Five ways to positively discipline your child

SHOREVIEW, Minn -- In a new statement, Adrian Peterson said he disciplined his son the way he was disciplined as a child and also said after speaking with a psychologist, he's realized there are other alternative ways of disciplining a child that may be more appropriate.

Shoreview-based parent coach Toni Schutta shares five key positive discipline methods for parents, tips she has honed over several decades of working with families. Schutta formerly worked with families facing circumstances of child abuse, and said parents do often carry out the same discipline methods they experienced, a pattern that can be changed for the better.

"Sadly, when physical means of aggression are used to discipline a child, it breaks the bond of trust. It breaks the bond of respect and it can even break the bond of love. Will the child remember? Yes," said Schutta. "Think of what you are role modeling. You are role modeling that if there is a problem, a solution is to use physical aggression, and is that a message you want to be giving your kids?"

Problem Solving

Schutta tells families first to begin with problem solving. She gives the example of kids arguing over a video game.

"So you say, 'Let's come up with two to three solutions kids. Let's all put our heads together and brainstorm.' Kids do that, you are involving them in the solution and kids can become problem solvers right from a very young age."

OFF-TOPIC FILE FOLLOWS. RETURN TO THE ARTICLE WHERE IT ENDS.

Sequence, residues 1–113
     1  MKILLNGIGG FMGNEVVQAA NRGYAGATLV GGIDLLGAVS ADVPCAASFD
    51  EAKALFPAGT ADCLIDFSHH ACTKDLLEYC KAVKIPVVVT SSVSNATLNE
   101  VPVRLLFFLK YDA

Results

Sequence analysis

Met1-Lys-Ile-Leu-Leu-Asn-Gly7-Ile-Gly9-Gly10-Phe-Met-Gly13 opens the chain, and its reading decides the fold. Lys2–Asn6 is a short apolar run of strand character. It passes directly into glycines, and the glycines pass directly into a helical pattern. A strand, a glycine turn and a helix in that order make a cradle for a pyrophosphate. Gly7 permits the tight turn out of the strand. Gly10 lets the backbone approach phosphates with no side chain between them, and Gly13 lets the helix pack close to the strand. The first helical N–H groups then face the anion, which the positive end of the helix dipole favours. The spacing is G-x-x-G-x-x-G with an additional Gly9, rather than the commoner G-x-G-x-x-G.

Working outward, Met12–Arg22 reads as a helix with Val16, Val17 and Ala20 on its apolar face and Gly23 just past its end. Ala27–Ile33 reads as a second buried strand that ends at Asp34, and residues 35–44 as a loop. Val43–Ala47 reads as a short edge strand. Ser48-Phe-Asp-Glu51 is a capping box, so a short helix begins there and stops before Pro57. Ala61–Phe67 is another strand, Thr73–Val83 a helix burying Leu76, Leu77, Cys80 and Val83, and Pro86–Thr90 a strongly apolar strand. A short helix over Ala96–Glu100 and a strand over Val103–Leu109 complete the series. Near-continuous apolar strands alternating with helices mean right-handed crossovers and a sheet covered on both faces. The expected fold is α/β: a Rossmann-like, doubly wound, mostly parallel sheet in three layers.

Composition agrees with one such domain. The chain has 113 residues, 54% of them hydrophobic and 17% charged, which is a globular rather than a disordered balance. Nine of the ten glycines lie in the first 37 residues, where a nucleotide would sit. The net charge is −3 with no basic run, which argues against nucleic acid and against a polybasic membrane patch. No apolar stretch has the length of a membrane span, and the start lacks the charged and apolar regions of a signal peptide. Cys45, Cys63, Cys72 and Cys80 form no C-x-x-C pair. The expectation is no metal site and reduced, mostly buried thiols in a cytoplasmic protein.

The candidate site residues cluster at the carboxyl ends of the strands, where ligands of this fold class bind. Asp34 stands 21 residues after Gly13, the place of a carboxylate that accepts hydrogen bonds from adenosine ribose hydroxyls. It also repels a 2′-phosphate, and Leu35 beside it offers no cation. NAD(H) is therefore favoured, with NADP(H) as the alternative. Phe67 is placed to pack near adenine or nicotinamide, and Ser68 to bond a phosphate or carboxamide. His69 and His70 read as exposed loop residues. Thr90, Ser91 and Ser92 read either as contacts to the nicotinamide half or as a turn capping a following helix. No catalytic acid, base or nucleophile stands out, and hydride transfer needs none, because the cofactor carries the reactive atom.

Logical Consequences

Schutta says find logical consequences to a misbehavior like the fight over a video game. She says this is one strategy children learn best from.

"If one child initiated the argument we could take that child aside and say, 'Ok, you don't get to use video games for the rest of the afternoon because your brother was doing it first,'" said Schutta.


Schutta says also structure a solution to a behavior with a recurring pattern.

"You could take a step back and say, okay, can I structure this differently? Maybe we could have a sign up chart," she said.


She tells families to use the power of praise, especially directed toward a specific behavior.

"So you could decide five times on this day I am going to praise my child when they listen to me for the first time," said Schutta. "And when you start using praise strategically and be very specific and the positive behavior that child used, guess what -- they are going to start doing that behavior more often."


Schutta says limited rewards also go a long way.

"So, you could say, 'Every time you listen the first time to mom or dad, I am going to put a marble in the jar and after getting 10 marbles...' and then you involve the child. They could get an extra snuggle with you, an extra book at bedtime or I'll play your favorite game with you three times, but they have to be rewards the child wants to work toward as well."

The world's toughest profession isn't football. Schutta says parenting with strategy is far more effective than physical aggression. In total, she recommends ten positive discipline methods for parents that also include natural consequences, giving choices, showing understanding, parent messages and acceptable alternatives.

"Very few people get parenting classes and yet it is the toughest job we have. Why not be educated for the most important job we have? Raising your child well," she said.

Schutta will be holding a free discipline webinar for parents on Sept. 30 and shares a free parenting book, 20 Great Ways to Raise Great Kids.

Also visit her Facebook page for more tips and details of the upcoming event.


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